By Joanna Cosgrove
Who can hate Marvel? In under a decade, we have been introduced to so many personalities in the Marvel universe, in the form of the MCU: The Marvel Cinematic Universe. We were given genetically modified heroes, trained warriors and those with the luck of highly evolved technology on their side. Most importantly, we were given heroes.
Heroes, true, come in all shapes and sizes; they can be fictional or real; they can be of any race, any gender, possessing any abilities, great or minor. They all have that one thing in common: they inspire.
Boys and girls alike can relate to the butt-kicking champions we see on the big (and small) screen. Men and women can relive the old times they had when they first experienced these beings between the paper pages of their classic comic books. We all can form these connections with heroes, especially those of the Marvel universe, because we all want to save the world and never give in to the villains who only want to battle and destroy.
That is what makes Marvel’s latest move a tragic one.
As most, if not all Marvel fans are aware of already, Captain America has a new comic book series coming out, labelled Steve Rogers: Captain America, which I’m sure at first gained a few “woo”s and “yippee”s from hardcore Cap fans. Then more details were slipping out and – I would say spoiler warning, but let’s face it, you ain’t reading the comic if you care about what’s happened to Rogers.
The comic series is set to begin with the announcement by Rogers that he had been a member of Hydra. In one sentence, Marvel had dirtied the beautiful and patriotic name of Captain America, and I – like many others – am not impressed.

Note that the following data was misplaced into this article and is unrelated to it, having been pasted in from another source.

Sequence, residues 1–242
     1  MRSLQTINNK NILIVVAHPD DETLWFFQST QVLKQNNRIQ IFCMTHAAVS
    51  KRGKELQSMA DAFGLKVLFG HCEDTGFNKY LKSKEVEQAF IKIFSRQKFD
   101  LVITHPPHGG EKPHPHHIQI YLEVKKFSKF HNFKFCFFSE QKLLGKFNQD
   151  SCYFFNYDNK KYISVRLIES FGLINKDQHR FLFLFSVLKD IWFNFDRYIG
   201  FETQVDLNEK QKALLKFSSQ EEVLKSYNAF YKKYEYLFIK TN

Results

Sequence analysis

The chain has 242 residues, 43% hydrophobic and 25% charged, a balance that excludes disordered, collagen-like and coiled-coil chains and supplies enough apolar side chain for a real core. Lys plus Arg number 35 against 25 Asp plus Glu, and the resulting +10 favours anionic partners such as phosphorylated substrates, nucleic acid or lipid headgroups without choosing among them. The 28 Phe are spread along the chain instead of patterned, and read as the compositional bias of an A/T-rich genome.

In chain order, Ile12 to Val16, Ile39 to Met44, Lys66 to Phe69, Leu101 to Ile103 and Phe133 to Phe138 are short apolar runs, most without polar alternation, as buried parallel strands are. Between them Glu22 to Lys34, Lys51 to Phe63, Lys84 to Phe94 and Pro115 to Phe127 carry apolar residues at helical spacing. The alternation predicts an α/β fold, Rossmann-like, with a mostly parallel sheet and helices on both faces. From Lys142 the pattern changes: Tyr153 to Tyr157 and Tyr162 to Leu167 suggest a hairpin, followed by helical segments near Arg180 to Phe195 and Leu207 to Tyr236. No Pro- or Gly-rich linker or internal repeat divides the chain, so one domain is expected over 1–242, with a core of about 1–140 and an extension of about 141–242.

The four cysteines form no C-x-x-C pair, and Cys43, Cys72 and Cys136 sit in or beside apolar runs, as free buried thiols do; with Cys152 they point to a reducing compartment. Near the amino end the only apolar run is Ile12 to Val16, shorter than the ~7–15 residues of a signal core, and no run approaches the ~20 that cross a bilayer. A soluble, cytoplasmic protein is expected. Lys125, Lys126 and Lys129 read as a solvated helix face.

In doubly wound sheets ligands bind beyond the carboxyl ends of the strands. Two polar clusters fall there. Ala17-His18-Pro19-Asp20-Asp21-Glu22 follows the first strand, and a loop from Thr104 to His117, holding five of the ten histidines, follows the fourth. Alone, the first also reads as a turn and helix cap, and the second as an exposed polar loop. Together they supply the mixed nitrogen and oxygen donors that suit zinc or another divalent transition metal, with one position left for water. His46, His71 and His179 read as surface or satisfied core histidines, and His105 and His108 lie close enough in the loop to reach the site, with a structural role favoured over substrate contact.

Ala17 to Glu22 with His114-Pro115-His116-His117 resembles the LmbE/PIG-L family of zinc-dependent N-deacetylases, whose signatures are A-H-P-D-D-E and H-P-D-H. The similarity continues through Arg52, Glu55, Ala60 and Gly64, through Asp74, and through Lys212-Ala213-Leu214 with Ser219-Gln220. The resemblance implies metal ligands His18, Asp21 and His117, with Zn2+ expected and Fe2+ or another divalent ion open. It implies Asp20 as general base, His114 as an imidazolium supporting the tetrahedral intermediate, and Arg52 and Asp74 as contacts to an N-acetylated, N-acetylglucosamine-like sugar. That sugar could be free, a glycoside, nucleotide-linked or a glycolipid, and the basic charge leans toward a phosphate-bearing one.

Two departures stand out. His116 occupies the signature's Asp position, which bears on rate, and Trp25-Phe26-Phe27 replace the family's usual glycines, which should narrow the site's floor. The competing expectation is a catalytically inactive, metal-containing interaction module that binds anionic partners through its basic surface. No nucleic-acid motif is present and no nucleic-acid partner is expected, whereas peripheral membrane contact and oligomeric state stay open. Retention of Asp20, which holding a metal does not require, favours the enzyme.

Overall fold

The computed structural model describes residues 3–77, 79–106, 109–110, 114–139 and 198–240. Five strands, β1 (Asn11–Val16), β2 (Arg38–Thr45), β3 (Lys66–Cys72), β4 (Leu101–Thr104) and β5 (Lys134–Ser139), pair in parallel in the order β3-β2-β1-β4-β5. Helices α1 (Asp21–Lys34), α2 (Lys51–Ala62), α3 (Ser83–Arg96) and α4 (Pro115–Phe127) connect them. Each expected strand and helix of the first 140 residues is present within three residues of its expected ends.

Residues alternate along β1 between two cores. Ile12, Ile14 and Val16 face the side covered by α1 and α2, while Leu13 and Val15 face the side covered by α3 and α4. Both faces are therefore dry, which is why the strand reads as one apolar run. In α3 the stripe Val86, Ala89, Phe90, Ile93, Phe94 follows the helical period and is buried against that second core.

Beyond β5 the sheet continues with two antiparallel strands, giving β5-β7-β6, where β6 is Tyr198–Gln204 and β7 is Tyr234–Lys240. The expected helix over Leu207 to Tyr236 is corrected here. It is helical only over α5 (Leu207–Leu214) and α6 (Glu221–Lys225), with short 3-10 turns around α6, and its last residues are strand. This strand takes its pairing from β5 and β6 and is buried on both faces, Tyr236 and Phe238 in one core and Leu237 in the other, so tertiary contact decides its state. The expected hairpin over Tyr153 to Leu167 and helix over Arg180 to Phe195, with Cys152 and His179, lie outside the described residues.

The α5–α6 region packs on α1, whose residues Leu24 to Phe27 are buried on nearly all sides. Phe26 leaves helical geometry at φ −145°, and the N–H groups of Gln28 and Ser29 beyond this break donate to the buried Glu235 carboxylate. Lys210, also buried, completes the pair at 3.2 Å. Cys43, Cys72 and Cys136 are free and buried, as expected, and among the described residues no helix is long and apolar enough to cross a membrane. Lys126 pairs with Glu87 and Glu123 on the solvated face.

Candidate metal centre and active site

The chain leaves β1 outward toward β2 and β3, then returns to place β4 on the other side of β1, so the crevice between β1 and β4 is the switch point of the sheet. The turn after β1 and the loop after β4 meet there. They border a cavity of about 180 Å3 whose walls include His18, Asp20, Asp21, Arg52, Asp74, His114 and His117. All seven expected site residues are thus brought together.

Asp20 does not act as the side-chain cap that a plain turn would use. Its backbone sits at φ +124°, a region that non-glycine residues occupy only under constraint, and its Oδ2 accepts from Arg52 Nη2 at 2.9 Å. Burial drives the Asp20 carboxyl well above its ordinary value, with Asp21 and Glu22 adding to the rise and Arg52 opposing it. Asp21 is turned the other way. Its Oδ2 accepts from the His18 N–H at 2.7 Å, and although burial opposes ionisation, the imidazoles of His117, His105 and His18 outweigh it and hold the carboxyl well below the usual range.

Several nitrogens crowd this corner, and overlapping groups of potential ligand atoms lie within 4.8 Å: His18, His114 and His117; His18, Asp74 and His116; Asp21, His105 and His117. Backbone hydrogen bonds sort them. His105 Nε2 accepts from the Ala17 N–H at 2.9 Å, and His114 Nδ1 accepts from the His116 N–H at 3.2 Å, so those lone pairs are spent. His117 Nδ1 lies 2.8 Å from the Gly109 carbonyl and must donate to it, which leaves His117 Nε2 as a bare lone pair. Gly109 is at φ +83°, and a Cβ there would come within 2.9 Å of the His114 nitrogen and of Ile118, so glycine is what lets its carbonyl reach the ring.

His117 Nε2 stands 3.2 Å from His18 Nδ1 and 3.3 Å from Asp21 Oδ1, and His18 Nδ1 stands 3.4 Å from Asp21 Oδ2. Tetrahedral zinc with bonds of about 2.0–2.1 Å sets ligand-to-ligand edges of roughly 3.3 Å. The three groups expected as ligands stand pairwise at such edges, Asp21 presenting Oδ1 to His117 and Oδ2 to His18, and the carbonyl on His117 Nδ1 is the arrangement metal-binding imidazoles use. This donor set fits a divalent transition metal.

Tom Brevoort, an executive editor at Marvel Comics, had commented clearly and truly that “the most trusted hero in the Marvel universe is now secretly a deep-cover Hydra operative”. And there’s no problem with that? Seriously?
I do not know, nor really wish to know, what possessed the people in charge of Captain America’s comic arcs to decide that this would be an appropriate twist to throw into the universe. This isn’t some sick, twisted fanfiction that someone created to be “edgy” or “different”; this is Marvel. This is canon. This is disturbing.
To continue quoting Brevoort: “You should feel uneasy about the fact that everything you know and love about Steve Rogers can be upended.”
And you should feel uneasy about the fact that every fan that purchases and reads your comics can stop paying to read said comics, watch your movies and television shows, and collect your figurines of every costume these heroes ever wore.
This isn’t creativity; this is throwing away one of the longest standing symbols for pure American pride.
Look at it this way: turning Cap into an agent from Hydra is most disrespectful when you learn about his origins.
Remember, Captain America wasn’t always Marvel’s mightiest Avenger. Cap was used as a voice of inspiration among Americans during times of war, of death and sorrow and fear. He was a bright light in bleak dangerous darkness.
And remember, Hydra was to Captain America what the Nazi party was to America (among many other countries and continents). They were/are both soulless organisations running mainly on the desire to control and manipulate the world to their liking and the only way they can perform this, it seems, is through murder and genocide.
In the times where innocent, peace-loving lives were lost defending the lands they love, they needed something to keep up spirits. In comes Captain America, created by Joe Simon and Jack Kirby – two talented Jewish cartoonists – to give America hope that evil will never win because our hero in red, white and blue will not allow it.
Can everyone see how disrespectful, on so many levels, this would appear?
I will leave everyone to make their opinions, because I have made mine crystal clear in this article. I advise people, to keep the pure image of Steve Rogers in your mind for the rest of your days, to ignore this series and disbelief what Marvel want to turn Rogers into.
If you decide to read on, read on. To each their own – a rule I shall always enforce in topics relating to the entertainment industry. I hope you can appreciate this in a way I and many others cannot (genuinely, I promise, enjoy your reading).